5@5 is a daily, food-related list from chefs, writers, political pundits, musicians, actors, and all manner of opinionated people from around the globe.
An ice cream parlor in Columbia, Missouri, caused a lot of buzz on Wednesday when we revealed their latest flavor had a, shall we say, "unexpected crunch."
The secret ingredient? Cicadas, duh.
So we took a poll, and 65 percent of our readers answered there's not a holy chance in heck they'd try the specialty of the house.
Regardless, we were intrigued and reached out to the mad scientists over at Sparky's Homemade Ice Cream for their side of the story:
Five Ways to Cool Off this Summer that Doesn't Involve Bugs in Your Ice Cream
Sink your teeth into today's top stories from around the globe.
The Australian government's decision to temporarily ban live cattle exports to Indonesia has dealt a crushing blow to the beef industry, with some fearing the move could permanently damage relations with this vital market.
The ban follows the airing of gruesome footage on the Australian Broadcasting Corporation's “Four Corners” program last week showing the brutal treatment of Australian cattle in Indonesia abattoirs. The video shows cattle being kicked, hit, their eyes gouged and tails broken by Indonesian abattoirs, prompting a national outcry and swift government action.
Live cattle exports will only be resumed once those safeguards are put in place, said Senator Joe Ludwig, Australia’s Minister for Agriculture, Fisheries and Forestry.
The origin of a bacterial outbreak that has killed at least 27 people in Europe has been traced to bean sprouts in Germany, a leading health official in the nation said Friday.
But even as investigators identified the source of an E. coli outbreak, officials warned the threat was not over as authorities cannot definitively say how or where the sprouts were infected.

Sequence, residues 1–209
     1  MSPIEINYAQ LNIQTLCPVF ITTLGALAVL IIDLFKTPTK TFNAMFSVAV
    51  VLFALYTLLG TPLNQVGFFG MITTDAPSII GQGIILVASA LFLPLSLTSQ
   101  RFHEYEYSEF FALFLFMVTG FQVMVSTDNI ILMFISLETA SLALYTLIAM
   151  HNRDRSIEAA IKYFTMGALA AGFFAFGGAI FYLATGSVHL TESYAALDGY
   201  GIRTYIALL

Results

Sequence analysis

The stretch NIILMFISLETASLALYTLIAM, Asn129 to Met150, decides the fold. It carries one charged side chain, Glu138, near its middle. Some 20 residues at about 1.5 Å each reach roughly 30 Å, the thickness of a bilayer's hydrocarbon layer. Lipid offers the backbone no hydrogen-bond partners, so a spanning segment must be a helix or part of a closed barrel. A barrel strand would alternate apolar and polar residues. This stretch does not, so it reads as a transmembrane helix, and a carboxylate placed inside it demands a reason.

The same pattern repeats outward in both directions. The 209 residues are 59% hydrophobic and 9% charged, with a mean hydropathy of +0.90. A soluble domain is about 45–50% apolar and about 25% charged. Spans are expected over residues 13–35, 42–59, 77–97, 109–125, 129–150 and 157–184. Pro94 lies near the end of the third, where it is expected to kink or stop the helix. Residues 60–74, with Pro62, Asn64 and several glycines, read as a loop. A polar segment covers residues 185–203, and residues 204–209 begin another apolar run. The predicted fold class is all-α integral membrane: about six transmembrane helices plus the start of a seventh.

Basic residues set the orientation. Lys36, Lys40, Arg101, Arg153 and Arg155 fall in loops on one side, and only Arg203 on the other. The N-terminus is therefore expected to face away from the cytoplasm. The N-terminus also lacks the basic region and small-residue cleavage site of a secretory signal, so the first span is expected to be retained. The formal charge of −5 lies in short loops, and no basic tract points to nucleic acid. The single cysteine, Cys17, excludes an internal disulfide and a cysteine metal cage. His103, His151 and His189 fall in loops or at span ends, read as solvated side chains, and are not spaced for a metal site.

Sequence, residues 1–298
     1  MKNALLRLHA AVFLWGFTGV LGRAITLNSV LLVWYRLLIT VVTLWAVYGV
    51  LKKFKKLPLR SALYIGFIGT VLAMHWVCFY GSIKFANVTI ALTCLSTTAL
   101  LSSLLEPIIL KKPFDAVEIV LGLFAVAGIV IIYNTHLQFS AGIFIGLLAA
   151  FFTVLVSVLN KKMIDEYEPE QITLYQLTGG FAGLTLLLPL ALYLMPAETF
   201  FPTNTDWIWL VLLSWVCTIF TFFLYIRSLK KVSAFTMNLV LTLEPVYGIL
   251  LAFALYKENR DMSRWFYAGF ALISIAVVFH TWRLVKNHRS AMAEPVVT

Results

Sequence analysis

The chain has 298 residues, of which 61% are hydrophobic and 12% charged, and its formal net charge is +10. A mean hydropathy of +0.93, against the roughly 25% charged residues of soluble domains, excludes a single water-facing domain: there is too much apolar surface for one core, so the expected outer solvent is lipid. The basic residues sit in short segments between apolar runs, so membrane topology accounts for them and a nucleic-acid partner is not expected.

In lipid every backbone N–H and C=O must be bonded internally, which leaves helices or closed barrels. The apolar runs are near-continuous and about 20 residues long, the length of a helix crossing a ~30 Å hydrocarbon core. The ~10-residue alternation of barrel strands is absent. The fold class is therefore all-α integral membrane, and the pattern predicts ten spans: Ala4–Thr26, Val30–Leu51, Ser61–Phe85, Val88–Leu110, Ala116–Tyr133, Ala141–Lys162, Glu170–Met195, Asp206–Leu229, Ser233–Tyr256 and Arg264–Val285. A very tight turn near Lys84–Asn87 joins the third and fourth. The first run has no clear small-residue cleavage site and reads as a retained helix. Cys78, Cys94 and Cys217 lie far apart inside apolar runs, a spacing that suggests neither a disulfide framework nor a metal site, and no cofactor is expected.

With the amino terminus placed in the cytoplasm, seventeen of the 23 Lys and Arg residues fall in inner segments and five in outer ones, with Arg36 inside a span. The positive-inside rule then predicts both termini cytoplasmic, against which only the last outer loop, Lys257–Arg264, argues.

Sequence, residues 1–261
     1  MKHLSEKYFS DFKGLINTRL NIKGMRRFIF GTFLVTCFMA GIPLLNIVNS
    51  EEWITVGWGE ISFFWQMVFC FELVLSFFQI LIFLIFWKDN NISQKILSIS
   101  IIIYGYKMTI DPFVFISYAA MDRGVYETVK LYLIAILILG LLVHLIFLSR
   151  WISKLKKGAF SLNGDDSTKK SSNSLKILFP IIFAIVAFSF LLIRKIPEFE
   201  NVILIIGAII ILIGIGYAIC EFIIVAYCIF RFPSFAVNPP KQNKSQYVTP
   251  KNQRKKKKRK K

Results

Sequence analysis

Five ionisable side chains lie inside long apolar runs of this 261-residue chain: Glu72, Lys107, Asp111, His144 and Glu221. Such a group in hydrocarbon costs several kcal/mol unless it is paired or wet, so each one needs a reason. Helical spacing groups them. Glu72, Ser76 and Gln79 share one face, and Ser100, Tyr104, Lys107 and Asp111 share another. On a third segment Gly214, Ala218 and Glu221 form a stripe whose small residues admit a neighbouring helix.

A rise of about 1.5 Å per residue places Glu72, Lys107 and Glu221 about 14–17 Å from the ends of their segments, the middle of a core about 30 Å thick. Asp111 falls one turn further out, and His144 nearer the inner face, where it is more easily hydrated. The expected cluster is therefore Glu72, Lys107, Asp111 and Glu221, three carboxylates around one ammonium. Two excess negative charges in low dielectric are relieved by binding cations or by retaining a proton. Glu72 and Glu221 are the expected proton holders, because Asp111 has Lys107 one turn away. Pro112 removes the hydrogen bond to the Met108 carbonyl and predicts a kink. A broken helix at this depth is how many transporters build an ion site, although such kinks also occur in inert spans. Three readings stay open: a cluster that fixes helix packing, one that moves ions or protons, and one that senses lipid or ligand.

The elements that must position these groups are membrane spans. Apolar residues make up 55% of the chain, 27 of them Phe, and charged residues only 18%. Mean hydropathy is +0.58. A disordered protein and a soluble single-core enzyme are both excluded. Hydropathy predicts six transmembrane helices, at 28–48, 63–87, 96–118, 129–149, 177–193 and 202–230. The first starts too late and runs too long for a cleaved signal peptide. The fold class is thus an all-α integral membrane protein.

Investigators determined bean sprouts were the cause of the outbreak after 17 people became ill after eating at the same restaurant, Reinhard Burger, President of the Robert Koch Institute, told reporters.
Authorities questioned people about what they ate and asked the cooks where the ingredients came from, Burger said.
Alex B. Berezow is the editor of RealClearScience. He holds a Ph.D. in microbiology.
The strain of E. coli that has killed at least 25 people and sickened more than 2,600 others in Europe is a terrifying reminder that killer microbes lurk in places where we least expect them. Though it is not a reason to panic, this incident should force us to rethink some important food safety issues.
One good place to start would be to completely ban the sale of raw milk and juice.
In April, the FDA cracked down on an Amish raw milk producer for selling its product across state lines without proper labeling, both of which are in violation of federal law. This predictably led to cries of "big government" telling people what they can and cannot eat. But given the effects of the deadly microbe that has been creeping across Europe's food supply, the FDA's decision is looking very responsible.
While you're frying up some eggs and bacon, we're cooking up something else: a way to celebrate today's food holiday.
Holy cow, Batman - June 10 is National Black Cow Day.
Depending on where you're from, a "black cow" is either a root beer float, an ice cream soda with chocolate ice cream, or just your basic ice cream soda. No matter what you call it or how you slurp it down, combining fizzy, foamy rich-bodied soda with slowly melting ice cream is so good you may smack somebody for it.
So who came up with the name, "black cow"? In 1893, the owner of the Cripple Creek Cow Mountain Gold Mining Company in Colorado was inspired to create a drink for the town's children after gazing out over the moonlit, snowcapped mountain. The moon reminded him of a scoop of vanilla ice cream floating on top of a dark beverage.
This summer, CNN's Defining America project will be traveling the country with the CNN Express bus to explore the stories behind the data and demographics that show how places are changing. This week, CNN brings you coverage from North Carolina.
If you eat doughnuts in Greensboro, North Carolina, chances are you head to Krispy Kreme.
The king of the hot glazed doughnut was founded just 30 miles away, in Winston-Salem, in 1937. Since then it's gained a loyal following regionally, and more recently, nationally and internationally. The first Krispy Kreme in New York City opened in 1996, and the first non-U.S. store opened in Toronto in 2001.
So what on earth would possess someone to open a little, independent doughnut shop in the land of Krispy Kreme?
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